Are Connected Drones the Next Automotive Renaissance or a Pipe Dream?

Matt Posky
by Matt Posky
are connected drones the next automotive renaissance or a pipe dream

Now that automakers have more or less mastered the ability to assemble competent transportation for the masses, the quest to build a better car has branched out into strange places. Connectivity is one of the burgeoning frontiers of automotive achievement and its threshold for greatness continues to be raised. With navigation and phone integration handled, manufacturers have begun seeking other ways to interconnect vehicles with all manner of devices. Occupants can now benefit from onboard GPS, Wi-Fi, and — more recently — smart home devices like Amazon’s Echo.

Drones could be next.

While it sounds almost comically implausible, several automakers and suppliers have begun toying with the idea of equipping specific models with drones. Last September, Mercedes-Benz introduced the idea that its delivery vans should have the option of being equipped with package-toting quadcopters as part of a five-year-plan to terrify suburbia. FCA designed a concept Wrangler for the Easter Jeep Safari that included a roof-mounted landing pad for a recreational drone. Mitsubishi Electric is showcasing its new FLEXConnect.AI infotainment platform with drone functionality.

While all three examples are in the earliest stages of development and may never yield flying mechanical fruit, it’s interesting to see car builders seeking applications for the technology. It might sound like future fantasy but all three examples have a basis in reality. Amazon has already begun testing delivery drones and has even used them to make successful drop offs — though for purely promotional purposes.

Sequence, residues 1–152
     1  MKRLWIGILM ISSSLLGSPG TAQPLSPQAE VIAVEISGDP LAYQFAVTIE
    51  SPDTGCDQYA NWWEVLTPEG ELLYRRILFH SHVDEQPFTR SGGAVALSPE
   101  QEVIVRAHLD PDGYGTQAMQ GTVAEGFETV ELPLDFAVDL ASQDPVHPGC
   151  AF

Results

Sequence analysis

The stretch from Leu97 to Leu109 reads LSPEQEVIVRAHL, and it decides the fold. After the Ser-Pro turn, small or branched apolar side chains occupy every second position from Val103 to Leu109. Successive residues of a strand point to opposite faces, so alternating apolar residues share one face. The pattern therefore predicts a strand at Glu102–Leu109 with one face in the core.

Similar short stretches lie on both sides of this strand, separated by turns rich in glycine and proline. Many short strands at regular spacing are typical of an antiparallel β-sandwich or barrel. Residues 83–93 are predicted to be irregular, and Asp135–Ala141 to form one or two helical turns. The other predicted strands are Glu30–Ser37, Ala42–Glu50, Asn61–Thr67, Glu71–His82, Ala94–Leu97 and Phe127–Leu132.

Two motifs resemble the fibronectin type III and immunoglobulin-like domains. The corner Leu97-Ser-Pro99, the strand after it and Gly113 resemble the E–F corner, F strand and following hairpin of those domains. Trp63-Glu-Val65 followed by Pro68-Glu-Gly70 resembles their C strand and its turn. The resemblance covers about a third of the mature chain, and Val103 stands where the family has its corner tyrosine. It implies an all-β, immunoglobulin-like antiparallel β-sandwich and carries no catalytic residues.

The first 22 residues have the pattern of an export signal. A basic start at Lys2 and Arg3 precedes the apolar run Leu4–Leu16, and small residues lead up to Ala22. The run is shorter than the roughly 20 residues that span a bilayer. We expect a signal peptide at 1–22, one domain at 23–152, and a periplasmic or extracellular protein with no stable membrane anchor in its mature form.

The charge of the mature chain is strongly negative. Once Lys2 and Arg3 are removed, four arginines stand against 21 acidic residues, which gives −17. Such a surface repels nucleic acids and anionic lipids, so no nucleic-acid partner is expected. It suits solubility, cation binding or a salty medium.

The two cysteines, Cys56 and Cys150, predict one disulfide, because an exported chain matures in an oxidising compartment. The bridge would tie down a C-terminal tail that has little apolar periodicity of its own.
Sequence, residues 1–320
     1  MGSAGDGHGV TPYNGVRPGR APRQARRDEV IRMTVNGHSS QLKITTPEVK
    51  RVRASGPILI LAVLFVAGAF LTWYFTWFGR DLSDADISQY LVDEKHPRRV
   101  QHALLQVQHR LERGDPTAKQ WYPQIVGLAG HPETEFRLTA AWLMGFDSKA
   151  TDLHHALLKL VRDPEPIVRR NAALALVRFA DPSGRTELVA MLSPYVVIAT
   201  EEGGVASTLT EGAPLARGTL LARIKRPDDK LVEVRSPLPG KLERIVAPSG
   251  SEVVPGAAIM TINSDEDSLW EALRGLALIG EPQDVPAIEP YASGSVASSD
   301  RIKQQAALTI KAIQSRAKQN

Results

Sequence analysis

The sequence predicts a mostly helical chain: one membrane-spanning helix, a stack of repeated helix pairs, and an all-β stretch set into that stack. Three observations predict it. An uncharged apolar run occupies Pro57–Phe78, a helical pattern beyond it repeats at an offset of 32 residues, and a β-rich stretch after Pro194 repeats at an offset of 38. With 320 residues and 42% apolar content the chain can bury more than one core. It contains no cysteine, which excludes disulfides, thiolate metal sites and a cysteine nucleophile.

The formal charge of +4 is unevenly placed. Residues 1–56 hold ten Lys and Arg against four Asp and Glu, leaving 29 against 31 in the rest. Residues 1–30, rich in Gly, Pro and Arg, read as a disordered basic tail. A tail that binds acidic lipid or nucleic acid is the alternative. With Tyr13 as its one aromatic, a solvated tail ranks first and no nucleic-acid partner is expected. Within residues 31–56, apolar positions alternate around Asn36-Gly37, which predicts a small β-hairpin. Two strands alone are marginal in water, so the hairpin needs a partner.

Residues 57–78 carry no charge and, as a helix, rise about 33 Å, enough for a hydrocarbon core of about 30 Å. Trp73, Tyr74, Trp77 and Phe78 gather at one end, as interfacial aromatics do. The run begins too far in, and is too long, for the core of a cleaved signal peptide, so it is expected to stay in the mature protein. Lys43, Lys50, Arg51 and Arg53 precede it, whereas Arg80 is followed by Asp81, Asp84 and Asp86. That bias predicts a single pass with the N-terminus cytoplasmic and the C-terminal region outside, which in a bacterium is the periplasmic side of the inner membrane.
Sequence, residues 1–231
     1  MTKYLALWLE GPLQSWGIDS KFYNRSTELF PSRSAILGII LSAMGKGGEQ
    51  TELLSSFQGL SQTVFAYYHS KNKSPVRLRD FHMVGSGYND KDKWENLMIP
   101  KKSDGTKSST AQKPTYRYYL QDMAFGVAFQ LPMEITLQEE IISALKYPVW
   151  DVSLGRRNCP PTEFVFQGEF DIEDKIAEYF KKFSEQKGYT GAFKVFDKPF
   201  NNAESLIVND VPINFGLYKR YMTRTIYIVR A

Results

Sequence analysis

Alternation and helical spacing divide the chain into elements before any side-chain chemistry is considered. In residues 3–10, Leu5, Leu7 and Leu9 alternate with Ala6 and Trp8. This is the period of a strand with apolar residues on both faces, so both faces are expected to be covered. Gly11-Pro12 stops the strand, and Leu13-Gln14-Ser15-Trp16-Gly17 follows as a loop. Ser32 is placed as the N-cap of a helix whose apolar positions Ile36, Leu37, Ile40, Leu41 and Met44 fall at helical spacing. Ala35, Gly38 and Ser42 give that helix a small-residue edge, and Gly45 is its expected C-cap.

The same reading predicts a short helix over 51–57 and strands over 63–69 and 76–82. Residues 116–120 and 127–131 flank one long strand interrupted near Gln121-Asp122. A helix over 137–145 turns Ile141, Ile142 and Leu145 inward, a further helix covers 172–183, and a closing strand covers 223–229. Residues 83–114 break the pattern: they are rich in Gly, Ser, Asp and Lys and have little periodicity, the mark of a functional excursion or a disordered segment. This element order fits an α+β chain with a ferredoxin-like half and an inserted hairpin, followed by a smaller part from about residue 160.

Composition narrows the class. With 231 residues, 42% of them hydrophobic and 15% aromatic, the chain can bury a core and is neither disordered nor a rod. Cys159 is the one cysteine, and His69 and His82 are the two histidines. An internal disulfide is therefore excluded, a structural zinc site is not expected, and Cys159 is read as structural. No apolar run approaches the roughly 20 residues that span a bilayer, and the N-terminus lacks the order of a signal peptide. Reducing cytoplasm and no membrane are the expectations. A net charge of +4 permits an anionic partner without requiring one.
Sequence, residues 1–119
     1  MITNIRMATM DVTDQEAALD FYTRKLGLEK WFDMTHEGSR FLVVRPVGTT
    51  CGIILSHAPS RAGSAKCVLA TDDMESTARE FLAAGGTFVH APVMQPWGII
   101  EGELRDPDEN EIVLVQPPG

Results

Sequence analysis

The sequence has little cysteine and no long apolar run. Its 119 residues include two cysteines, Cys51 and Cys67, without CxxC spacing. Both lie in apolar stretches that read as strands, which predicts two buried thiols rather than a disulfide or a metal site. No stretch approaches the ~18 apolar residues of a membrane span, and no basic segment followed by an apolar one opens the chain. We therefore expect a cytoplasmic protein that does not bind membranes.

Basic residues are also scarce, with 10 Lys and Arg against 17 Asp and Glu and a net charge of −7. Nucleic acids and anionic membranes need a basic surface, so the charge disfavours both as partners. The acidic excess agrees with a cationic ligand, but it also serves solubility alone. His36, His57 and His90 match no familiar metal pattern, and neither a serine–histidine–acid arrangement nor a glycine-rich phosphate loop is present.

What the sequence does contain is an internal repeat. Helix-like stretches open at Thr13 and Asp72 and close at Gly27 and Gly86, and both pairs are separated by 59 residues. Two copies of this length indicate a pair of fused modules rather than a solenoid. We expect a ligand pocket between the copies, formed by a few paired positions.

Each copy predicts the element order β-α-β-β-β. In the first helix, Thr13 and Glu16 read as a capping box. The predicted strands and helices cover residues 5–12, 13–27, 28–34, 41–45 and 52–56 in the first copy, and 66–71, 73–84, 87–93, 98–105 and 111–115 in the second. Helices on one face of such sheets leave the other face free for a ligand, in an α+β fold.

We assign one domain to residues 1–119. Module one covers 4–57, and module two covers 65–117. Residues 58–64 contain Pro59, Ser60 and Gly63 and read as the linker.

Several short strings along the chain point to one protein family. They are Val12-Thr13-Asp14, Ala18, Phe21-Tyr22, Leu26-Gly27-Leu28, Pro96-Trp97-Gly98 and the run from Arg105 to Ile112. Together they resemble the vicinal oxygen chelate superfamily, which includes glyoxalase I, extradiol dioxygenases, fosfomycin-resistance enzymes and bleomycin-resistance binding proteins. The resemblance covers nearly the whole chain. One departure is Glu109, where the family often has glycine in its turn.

Meanwhile, the scouting bots proposed are already being used routinely by the military. The United States frequently uses unmanned drones for reconnaissance in unfamiliar territory, often before blowing up targets. According to Mitsubishi, it would use flying robots for similar purposes — the scouting, not the devastation.

“The drone lifts up and acts as a guide when going through the woods. If there is a log in the trail, it can warn the driver ahead of time,” Mitsubishi Electric UX expert Jacek Spiewla told Wards Auto during an demo at Detroit’s TU-Automotive conference.

Spiewla claims manufacturers are interested in what drones can do for upcoming design concepts and are asking about urban applications, such as investigating traffic accidents or finding alternate routes.

Mitsubishi’s FLEXConnect.AI UX concept provides a simple interface that issues hypothetical drone commands like “follow me” or “scout.” Complex computerized guidance systems do the rest as an in-car feed shows you everything the little robot sees. Of course, this is only a simulated experience. Mitsubishi doesn’t currently have a physical drone capable of the kind of autonomy this sort of tech would require, but it is available should they want to pursue it.

Whether or not drone implementation has a future in the automotive realm is highly specious. Without absolutely perfect navigational abilities, it would only be suited to certain types of vehicles undertaking very specific activities. There are also loads of FAA rules regarding the legal usage of drones and plenty of murky areas automakers would have to wade into if they ever wanted to get serious about using the technology commercially. But the seeds have been planted and, at the very least, some companies are taking it into consideration.

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  • Turf3 Turf3 on Jun 16, 2017

    PULL! I wonder whether a well aimed jet of water could take one of these out. Sooner or later one of these things is going to impinge on my property and I will have to decide what to do about it.

  • WildcatMatt WildcatMatt on Jun 27, 2017

    I've been thinking about the possibility of drones becoming cheap and efficient enough that they could be deployed one every couple of miles as cell tower repeaters for areas that are currently underserved, particularly along rural stretches of highway.

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